Except that it’s not.
In fact, it’s not even effective or sustainable over long stretches of time, because of the negative effects it tends to have on your physical, mental and emotional well-being.
And because the rules that restrictive diets often come with tend to be all-or-nothing, you’ll likely struggle to stick with them, leading you to feel demoralized and guilty.
7. Give yourself permission to eat what you want
Once you’ve let go of the ‘good’ and ‘bad’ labels, as well as the idea that restrictive dieting is the only way to lose weight, it’s time for the next step: Give yourself permission to eat whatever you want.
It may sound counterintuitive, but personally, just knowing that no food was off-limits is what helped me stop overeating at almost every meal — something that I did because of an irrational fear that I was never going to be able to eat something I really liked (and was ‘bad’), ever again.
Food neutrality makes space for food freedom.
8. Practice mindful eating
Having a positive, guilt-free experience with food is just as much a physical as it is a mental and emotional one.
This is where sensory-based practice like mindful eating can play an important role is making eating an enjoyable experience instead of a stressful one.
To start with, get to know the basics of mindful eating:
- Check in with your body before you eat: What does your physical hunger feel like? Are you really hungry, bored or stressed.
- Notice your food: What does it look and smell like? What’s in it, where did it come from, and how was it prepared?
- Notice your environment: Is it calm and quiet, or is it noisy and chaotic? Does it make you want to eat slowly or in a rush?
- Slow down: Chew slowly and pay attention to how your gut feels as it your belly fills up. Put your fork or spoon down in-between bites and really savor your food.
- Listen to your body: When you’re no longer hungry, put your utensils down and stop eating. Notice how your body feels after you eat.
9. Unfollow accounts that make you feel like crap
The great thing about social media is that when it’s done right, can inspire you and make you feel good.
But the thing is, the line between inspiring and demotivating are becoming increasingly blurred.
Before and after weight loss photos, influencers’ picture-perfect #eatclean meals, your favorite fitness celebs ultra low-calorie diet plans, and go-hard-or-go-home #fitspo quotes are meant to make you feel good about your own journey, but somehow end up falling short.
Rather than inspire you to be your best, they trigger your natural, human inclination to compare what you see to yourself and all the ways you’re not measuring up, resulting in guilt, self-loathing and more guilt.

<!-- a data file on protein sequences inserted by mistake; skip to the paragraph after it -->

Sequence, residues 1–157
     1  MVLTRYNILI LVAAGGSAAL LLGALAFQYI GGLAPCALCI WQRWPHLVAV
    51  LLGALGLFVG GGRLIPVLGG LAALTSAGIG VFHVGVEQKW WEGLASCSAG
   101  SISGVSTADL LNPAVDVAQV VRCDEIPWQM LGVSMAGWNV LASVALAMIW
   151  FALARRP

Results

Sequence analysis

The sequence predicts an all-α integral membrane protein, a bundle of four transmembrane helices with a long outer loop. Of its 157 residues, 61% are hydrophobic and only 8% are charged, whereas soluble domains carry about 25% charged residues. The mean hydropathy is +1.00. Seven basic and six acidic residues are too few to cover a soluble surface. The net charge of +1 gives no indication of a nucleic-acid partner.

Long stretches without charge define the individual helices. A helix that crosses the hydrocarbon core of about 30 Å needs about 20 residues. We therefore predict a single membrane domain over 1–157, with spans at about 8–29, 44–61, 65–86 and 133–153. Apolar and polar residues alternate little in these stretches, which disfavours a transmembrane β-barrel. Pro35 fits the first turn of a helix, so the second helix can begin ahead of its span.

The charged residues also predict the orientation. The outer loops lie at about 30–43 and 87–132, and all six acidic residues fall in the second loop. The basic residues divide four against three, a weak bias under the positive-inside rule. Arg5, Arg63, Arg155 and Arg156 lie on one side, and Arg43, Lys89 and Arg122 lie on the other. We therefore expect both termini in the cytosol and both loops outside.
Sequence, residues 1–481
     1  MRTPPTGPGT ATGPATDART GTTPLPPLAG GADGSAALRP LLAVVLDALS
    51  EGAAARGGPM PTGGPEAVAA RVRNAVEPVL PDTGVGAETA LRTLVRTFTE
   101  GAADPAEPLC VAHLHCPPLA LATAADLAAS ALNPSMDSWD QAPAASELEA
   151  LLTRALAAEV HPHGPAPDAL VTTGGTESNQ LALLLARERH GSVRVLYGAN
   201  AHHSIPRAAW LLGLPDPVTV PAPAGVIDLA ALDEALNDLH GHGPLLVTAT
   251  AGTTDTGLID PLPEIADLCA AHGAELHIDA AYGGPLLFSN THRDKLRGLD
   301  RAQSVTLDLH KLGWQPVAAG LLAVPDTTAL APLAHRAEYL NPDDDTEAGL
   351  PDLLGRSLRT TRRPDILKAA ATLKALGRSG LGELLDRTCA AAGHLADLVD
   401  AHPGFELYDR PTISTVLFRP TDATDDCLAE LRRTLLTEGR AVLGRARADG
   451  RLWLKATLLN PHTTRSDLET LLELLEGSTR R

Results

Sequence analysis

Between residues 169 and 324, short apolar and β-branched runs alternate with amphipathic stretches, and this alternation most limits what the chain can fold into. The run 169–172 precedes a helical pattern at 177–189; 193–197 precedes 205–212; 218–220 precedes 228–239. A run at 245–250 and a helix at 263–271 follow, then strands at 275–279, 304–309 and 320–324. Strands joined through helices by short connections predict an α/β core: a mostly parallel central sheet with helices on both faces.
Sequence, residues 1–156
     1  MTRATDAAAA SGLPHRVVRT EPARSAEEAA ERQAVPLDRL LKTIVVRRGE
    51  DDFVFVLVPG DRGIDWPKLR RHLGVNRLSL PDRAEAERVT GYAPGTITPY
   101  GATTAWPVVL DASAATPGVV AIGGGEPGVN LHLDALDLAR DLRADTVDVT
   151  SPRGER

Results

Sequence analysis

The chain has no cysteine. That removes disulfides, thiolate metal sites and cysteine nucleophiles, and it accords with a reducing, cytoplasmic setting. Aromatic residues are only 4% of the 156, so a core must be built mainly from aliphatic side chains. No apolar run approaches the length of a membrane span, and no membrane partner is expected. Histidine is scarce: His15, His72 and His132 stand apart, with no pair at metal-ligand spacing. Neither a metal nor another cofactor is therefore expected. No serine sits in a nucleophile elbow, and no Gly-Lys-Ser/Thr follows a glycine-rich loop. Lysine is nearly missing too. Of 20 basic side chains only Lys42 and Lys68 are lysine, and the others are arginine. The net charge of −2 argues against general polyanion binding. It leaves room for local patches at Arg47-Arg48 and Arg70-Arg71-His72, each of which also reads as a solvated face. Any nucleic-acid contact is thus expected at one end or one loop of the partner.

Your best plan of action when it comes to your feel-bad social media feed? Unfollow and focus on what brings you the peace and positivity.
10. Use food mantras or affirmations
Before you brush this last step as new-age woo woo rubbish, consider this: You are what you think, and changing how you think about food and yourself is just like building a muscle — it takes self-belief, work, and plenty of repetition.
Think of affirmations as new beliefs that you want to replace the old, negative ones that have been chipping away at your self-esteem, with.
Some of my favorites are:
- My body is my home, and deserves to be treated like a temple.
- There are no good or bad foods — everything I eat nourishes my body or soul, or both.
- What I eat doesn’t dictate my self-worth. I do.
- Eating well is a life-long journey, not a 6-week diet plan.
- I trust my body to tell me what it needs and when.
- I exercise to get stronger, not to burn calories.
To start practicing affirming yourself every day, say the affirmations that are most important to you right after you wake up in the morning, and just before you go to bed at night.
Repeat each affirmation 10 times (or as many times as you need to) with purpose, intention and self-belief.
The more consistent you are with your affirmation practice, the more powerful they’ll be.
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I’ve worn multiple hats over the years: Emotional eating survivor, microbiologist, writer, Deputy Editor at SHAPE Malaysia, American Council On Exercise-certified personal trainer, Levels 1 and 2 Precision Nutrition-certified sports nutrition coach, and now, self-care advocate. As you might guess, I’m fascinated with food, movement and learning how to take better care of myself as I make my way through this crazy, chaotic world, and my mission is to help you do the same.
Feature photo by Obi – @pixel6propix / Unsplash